At 11 o�clock I headed upstairs to the kitchen, where I met Amanda Maybeck, the restaurant manager, who was readying the day�s first batch of clams. �We use small to medium-size steamers,� said Maybeck, an athletic-looking 45-year-old, as she rolled the plump, fresh-shucked mollusks in a specially concocted breading mixture and dropped them into the hot oil. (Champlin�s, like most respectable clam shacks, uses whole clams, including the tender bellies, though it also sells clam strips, made from the chewier siphon, or �neck�, of ocean quahogs.) The clams sizzled furiously before the frying basket was removed and the clams were left to drain. Maybeck heaped a dozen onto a plate garnished with a lemon wedge and pointed me to a table.  As gulls shrieked overhead in the midday sun, I popped a clam into my mouth and bit into the soft flesh. I was in heaven, and hungry for more. 

I RESISTED THE TEMPTATION to down another dozen clams and decided to move on. My quarry was a local specialty called clam cakes�deep-fried clam fritters�and my destination was a huge restaurant called George�s of Galilee, which is celebrated for its version of the dish. Every one of the 100-plus tables and five dining rooms at George�s seemed to be filled when I arrived.  It�s hard to imagine that the place started out, in 1948, as a humble coffee shop that the original owner, a bakery-truck driver named Norman Durfee, bought from a guy named George Partelow. Norman�s grandson, Kevin Durfee, now owns the place, I was told, and the clam cakes he sells are tasty and satisfying, but, alas, I found them to be heavier than I�d hoped.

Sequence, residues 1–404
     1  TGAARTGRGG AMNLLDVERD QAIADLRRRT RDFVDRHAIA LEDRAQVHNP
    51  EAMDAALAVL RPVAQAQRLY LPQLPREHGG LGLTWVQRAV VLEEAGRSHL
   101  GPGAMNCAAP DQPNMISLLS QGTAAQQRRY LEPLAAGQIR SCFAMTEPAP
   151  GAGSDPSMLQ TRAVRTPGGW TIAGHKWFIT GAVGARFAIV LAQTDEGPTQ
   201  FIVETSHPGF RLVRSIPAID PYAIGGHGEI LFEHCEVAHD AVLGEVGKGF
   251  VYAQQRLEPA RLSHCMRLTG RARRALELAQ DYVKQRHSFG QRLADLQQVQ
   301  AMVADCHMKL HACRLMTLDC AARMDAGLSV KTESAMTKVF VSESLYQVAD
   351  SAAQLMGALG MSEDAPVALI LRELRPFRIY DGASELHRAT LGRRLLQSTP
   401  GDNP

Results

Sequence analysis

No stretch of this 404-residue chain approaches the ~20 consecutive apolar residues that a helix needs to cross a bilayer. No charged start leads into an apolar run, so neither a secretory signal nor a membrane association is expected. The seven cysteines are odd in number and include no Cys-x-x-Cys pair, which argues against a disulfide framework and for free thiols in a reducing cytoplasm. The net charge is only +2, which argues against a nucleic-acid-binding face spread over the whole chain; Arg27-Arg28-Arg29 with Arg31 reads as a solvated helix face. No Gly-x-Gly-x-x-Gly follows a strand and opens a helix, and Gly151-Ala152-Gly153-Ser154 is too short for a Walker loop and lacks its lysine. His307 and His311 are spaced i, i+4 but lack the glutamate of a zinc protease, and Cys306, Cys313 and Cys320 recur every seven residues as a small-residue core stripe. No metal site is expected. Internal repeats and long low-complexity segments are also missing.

Seeking perfection, I left George�s and asked a man stepping into a pickup truck parked across the street where I could find the best clam cakes. �Go five miles up the road,� he told me. �A place right next to the water called Starboard�s. Puts the others to shame!�  The Starboard Galley, as the place is officially known, has been around only since 1996 (and, since my visit, has moved to a new location, in Charlestown) - a fact I found surprising given the unequivocal vote of confidence the place got from a guy who looked to be a dyed-in-the-wool Rhode Islander and, as such, probably wary of upstart establishments. 

The restaurant couldn�t look more different from George�s: the Starboard Galley was a cinder-block building with a tiny kitchen, a single take-out window, and a four-table dining room. My suspicions were further aroused by a sign above the entrance that read, �The Best Clamcakes and Chowda in Narragansett�. (I recently learned that it has since been upgraded to read, �The Best Clamcakes and Chowda Anywhere�.)